Shun – Premier Serrated Utility Knife 14cm (Made in Japan)
This style of knife is often called a tomato or sandwich knife, but it’s so much more versatile than that description would imply.
Of course, it works beautifully on most anything you would put in a sandwich—from meat to cheese to tomato slices.
What’s more, the serrations will handily cut the sandwich in half when it’s done.
But the Premier Serrated Utility offers something others don’t. The blade edge is serrated at the front and back, but has a fine edge in the middle. This means that it’s perfect for cutting foods with a tougher or more resilient exterior and a tender interior. For the initial push or pull cut, the serrations glide through the exterior with ease while the fine edge cuts through the softer interior. The combination of serrated and fine edge means you get the perfect slice no matter what you’re cutting with no tearing or squashing.The Shun Premier Serrated Utility Knife is part of the beautiful Shun Premier line, which calls to mind the hand-forged knives of ancient Japan. While each knife still takes at least 100 handcrafted steps to complete, the materials Shun uses are among the most advanced in the industry. Each blade has a cutting core of Shun’s proprietary VG-MAX “super steel” to take and hold a precision edge. The layered Damascus cladding supports the core and provides additional stain resistance. Near the edge of the blade, where the steels meet, an undulating line is formed—similar to the hamon formed when samurai swords are tempered using a traditional clay-baking technique. The hammered tsuchime finish acts like a series of hollow-ground cavities to reduce drag. The handles nestle comfortably in the hand, while the embossed end cap adds balance and beauty.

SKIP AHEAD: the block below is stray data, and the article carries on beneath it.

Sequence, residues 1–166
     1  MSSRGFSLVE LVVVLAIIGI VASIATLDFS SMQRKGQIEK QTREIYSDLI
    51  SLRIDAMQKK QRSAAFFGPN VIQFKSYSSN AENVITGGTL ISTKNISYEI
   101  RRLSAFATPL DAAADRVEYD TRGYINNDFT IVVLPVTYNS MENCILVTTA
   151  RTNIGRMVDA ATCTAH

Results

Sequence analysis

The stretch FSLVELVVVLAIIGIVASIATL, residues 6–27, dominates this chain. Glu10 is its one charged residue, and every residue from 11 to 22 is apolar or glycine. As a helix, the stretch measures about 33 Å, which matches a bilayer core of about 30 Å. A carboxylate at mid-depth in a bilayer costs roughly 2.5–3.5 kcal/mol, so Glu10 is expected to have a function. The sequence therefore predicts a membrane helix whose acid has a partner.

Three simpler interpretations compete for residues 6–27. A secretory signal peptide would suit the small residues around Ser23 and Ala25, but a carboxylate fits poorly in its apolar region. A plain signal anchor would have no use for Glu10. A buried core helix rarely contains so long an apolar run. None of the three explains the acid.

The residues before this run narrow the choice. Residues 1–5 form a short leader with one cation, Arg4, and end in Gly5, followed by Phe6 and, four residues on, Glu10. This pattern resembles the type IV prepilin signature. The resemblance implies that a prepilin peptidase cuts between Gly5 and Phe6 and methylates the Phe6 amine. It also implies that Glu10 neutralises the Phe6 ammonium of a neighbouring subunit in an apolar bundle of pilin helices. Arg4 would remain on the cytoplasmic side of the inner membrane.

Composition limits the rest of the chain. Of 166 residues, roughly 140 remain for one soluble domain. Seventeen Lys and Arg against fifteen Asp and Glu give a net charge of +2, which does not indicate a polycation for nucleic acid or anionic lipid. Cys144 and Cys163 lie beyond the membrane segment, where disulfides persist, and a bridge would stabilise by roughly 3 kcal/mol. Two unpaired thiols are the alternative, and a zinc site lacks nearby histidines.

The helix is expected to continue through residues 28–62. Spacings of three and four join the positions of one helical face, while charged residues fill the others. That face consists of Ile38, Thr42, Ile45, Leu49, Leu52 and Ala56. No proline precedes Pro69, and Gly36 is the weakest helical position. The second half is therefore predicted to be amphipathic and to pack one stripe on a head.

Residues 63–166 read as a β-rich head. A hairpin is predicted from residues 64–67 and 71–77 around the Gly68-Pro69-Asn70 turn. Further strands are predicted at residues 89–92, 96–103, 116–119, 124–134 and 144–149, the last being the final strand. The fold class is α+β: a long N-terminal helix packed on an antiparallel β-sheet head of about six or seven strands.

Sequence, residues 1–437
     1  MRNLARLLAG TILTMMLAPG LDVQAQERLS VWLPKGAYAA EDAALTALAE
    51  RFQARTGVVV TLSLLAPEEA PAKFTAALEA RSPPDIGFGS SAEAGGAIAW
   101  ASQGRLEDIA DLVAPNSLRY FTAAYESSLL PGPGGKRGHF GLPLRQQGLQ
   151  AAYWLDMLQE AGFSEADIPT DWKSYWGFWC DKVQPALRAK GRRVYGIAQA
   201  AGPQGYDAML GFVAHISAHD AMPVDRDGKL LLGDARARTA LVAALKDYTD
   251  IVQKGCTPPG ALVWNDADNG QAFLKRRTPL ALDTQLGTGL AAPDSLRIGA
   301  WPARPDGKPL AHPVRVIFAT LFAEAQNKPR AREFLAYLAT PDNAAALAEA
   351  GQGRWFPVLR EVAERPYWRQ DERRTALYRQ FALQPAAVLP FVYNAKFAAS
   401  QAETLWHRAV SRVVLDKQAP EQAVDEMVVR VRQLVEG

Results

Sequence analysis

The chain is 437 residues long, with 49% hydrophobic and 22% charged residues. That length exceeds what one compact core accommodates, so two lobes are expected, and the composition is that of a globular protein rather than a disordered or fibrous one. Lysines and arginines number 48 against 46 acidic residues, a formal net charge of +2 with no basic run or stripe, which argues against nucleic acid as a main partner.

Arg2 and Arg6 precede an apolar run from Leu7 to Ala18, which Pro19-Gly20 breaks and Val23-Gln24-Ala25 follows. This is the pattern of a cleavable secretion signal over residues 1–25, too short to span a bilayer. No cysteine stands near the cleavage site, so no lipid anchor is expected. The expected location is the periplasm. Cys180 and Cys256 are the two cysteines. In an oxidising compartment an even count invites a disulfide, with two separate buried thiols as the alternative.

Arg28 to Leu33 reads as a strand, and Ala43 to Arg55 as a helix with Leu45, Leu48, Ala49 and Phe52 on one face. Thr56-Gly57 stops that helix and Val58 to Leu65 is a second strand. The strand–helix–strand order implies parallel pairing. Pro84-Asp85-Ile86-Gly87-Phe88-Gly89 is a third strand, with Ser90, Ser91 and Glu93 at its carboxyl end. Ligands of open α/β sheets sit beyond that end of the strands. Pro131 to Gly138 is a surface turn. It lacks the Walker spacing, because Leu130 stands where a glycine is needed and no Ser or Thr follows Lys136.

A very versatile, medium-sized knife
Hammered tsuchime finish helps release food easily when cutting
double-bevel blade (32° comprehensive)
Proprietary VG-MAX cutting core,
34 layers each side stainless
Contoured walnut PakkaWood®
Blade length: 6 1/2 in. (16.5 cm)
Handcrafted in Japan